Membrane capacitive memory alters spiking in neurons described by the fractional-order Hodgkin-Huxley model.
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We find that in the membrane patch model, as fractional-order decreases, i.e., a greater influence of membrane potential memory, peak sodium and potassium currents are altered, and spike frequency and amplitude are generally reduced.In the nerve axon, the velocity of spike propagation increases as fractional-order decreases, while in a neural network, electrical activity is more likely to cease for smaller fractional-order.Importantly, we demonstrate that the modulation of the peak ionic currents that occurs for reduced fractional-order alone fails to reproduce many of the key alterations in spiking properties, suggesting that membrane capacitive memory and fractional-order membrane potential dynamics are important and necessary to reproduce neuronal electrical activity.
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PubMed Central - PubMed
Affiliation: Virginia Modeling, Analysis and Simulation Center, Old Dominion University, 1030 University Boulevard, Suffolk, Virginia, USA.
ABSTRACT
Excitable cells and cell membranes are often modeled by the simple yet elegant parallel resistor-capacitor circuit. However, studies have shown that the passive properties of membranes may be more appropriately modeled with a non-ideal capacitor, in which the current-voltage relationship is given by a fractional-order derivative. Fractional-order membrane potential dynamics introduce capacitive memory effects, i.e., dynamics are influenced by a weighted sum of the membrane potential prior history. However, it is not clear to what extent fractional-order dynamics may alter the properties of active excitable cells. In this study, we investigate the spiking properties of the neuronal membrane patch, nerve axon, and neural networks described by the fractional-order Hodgkin-Huxley neuron model. We find that in the membrane patch model, as fractional-order decreases, i.e., a greater influence of membrane potential memory, peak sodium and potassium currents are altered, and spike frequency and amplitude are generally reduced. In the nerve axon, the velocity of spike propagation increases as fractional-order decreases, while in a neural network, electrical activity is more likely to cease for smaller fractional-order. Importantly, we demonstrate that the modulation of the peak ionic currents that occurs for reduced fractional-order alone fails to reproduce many of the key alterations in spiking properties, suggesting that membrane capacitive memory and fractional-order membrane potential dynamics are important and necessary to reproduce neuronal electrical activity. No MeSH data available. Related in: MedlinePlus |
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Mentions: To further determine if the dependence of spiking properties on α is primarily a consequence of the fractional passive membrane dynamics or the subsequent modulation the ionic currents, both passive and active, we run simulations in which we assume first-order Vm dynamics but also scale the ionic current IL, INa, and IK conductances, gL, gNa, and gK, respectively, such that the peak current magnitudes are equivalent to the values for a given α in the fractional-order model, i.e., the asymptotic current peak INa and IK values in Fig 4A. Peak IL magnitude is measured as the maximum depolarizing current, since IL is both depolarizing and hyperpolarizing. For example, as α is decreased in this scaled ionic conductance first-order model, gK is decreased to account for the smaller peak IK magnitude. For Iapp = 20 μA/cm2, gNa is slightly increased, while for Iapp = 100 μA/cm2, gNa is decreased. We investigate the influence of scaling the ionic current conductances both individually and combined (Fig 5). Scaling the leak conductance gL had minimal influence on spike frequency or amplitude for all values of Iapp, due to its small amplitude relative to the other currents (Fig 5A). For small Iapp, scaling the sodium conductance gNa had minimal influence (Fig 5B). For intermediate Iapp, scaling gNa does reduce spike frequency and amplitude, however to a larger extent than observed in the fractional-order neuronal model. For a larger Iapp, scaling gNa also leads to excitation block, however with a different dependence on α as in the fractional-order model (also see Fig 6B and 6C). For a given value of Iapp, scaling gK does not alter spike amplitude and further, increases spike frequency, the opposite effect as observed in the fractional-order model (Fig 5C). When all of the conductances are scaled, the collective influence is that spike frequency increases, not decreases, as the value of α decreases (Fig 5D), demonstrating that simply scaling the magnitude of ionic currents does not reproduce the influence of fractional-order Vm dynamics. Interestingly, scaling all three conductances does fairly accurately reproduce the reduction in spike amplitude as α decreases. |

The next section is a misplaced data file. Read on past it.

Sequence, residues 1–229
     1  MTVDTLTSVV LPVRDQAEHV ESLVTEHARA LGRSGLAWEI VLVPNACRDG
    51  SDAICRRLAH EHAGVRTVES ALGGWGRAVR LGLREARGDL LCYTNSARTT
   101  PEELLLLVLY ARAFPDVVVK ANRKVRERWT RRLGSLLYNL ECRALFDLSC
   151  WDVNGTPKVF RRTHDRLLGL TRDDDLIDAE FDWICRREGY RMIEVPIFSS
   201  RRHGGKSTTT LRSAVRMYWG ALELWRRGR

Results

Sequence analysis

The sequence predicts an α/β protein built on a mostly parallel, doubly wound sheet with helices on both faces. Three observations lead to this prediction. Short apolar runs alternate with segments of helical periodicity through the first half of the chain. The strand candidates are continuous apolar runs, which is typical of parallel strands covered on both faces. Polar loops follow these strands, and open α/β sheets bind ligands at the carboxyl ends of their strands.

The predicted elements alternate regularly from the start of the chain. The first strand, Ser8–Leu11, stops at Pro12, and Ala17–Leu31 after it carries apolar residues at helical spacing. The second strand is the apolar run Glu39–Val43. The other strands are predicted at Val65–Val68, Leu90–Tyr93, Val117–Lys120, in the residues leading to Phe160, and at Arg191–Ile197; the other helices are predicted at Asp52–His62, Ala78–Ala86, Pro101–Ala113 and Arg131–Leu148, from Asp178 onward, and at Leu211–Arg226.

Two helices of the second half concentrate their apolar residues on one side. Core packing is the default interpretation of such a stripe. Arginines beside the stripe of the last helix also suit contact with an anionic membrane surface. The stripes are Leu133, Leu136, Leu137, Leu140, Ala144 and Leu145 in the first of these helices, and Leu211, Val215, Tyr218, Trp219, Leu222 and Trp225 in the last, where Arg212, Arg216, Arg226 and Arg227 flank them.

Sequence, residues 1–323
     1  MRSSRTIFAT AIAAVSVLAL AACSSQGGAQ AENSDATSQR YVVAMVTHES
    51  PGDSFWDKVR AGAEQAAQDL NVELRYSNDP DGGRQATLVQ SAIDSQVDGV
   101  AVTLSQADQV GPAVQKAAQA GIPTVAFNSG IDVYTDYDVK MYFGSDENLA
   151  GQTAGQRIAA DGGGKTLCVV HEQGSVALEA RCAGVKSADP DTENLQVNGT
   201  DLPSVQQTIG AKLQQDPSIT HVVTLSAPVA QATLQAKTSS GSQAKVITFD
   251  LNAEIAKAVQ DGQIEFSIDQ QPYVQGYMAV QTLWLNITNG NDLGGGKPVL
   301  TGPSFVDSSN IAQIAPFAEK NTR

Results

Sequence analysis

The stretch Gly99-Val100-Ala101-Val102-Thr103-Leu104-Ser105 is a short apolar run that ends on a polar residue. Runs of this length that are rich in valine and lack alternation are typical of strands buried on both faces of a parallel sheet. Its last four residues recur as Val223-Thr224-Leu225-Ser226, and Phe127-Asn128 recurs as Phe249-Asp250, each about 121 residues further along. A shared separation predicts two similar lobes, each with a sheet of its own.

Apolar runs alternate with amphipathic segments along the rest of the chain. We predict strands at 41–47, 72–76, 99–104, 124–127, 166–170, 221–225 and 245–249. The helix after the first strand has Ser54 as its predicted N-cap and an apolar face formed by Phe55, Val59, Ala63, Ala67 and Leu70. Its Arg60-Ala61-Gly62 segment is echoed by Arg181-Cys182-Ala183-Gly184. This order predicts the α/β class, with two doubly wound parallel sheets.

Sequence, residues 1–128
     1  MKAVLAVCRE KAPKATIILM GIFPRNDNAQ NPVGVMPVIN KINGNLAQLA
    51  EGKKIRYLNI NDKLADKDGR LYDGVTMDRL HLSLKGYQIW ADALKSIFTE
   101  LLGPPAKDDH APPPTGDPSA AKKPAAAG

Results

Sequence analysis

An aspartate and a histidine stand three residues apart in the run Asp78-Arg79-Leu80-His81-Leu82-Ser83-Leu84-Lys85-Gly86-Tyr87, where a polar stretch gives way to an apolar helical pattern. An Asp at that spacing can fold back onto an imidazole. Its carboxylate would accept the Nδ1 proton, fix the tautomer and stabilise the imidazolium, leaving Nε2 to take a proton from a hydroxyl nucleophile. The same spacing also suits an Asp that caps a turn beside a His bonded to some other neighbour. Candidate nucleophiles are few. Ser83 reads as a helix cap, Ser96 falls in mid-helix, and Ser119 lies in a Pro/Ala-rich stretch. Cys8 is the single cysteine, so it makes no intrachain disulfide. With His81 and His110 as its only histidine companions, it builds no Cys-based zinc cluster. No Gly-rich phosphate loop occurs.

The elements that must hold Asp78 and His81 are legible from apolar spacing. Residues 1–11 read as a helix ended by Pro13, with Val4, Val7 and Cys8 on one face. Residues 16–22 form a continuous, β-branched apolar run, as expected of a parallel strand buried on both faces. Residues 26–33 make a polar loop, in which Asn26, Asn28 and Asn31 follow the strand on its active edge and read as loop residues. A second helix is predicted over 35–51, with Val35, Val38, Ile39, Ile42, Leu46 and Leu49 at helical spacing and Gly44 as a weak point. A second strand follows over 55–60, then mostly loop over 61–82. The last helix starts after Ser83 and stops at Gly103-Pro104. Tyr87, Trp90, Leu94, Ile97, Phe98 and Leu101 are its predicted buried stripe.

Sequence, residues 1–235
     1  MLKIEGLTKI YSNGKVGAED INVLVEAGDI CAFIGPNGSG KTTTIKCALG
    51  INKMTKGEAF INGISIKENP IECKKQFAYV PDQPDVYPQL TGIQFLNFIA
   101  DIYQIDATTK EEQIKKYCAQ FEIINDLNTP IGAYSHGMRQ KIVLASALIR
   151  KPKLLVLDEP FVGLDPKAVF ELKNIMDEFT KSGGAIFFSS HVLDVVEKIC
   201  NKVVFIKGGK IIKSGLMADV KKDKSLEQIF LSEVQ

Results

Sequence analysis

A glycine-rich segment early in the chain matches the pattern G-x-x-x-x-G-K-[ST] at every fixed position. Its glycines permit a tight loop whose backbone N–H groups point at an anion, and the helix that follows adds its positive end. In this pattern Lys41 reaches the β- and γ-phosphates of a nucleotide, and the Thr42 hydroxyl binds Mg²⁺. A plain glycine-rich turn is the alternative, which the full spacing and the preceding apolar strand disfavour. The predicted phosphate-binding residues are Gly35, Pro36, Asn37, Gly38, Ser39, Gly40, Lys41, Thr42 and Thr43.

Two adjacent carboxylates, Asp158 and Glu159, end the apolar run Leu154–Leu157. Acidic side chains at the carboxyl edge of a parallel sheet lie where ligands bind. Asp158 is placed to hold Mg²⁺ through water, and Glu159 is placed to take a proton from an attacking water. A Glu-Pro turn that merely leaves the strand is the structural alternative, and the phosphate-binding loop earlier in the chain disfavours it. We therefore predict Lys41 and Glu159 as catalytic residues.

View Article: PubMed Central - PubMed
Affiliation: Virginia Modeling, Analysis and Simulation Center, Old Dominion University, 1030 University Boulevard, Suffolk, Virginia, USA.
No MeSH data available.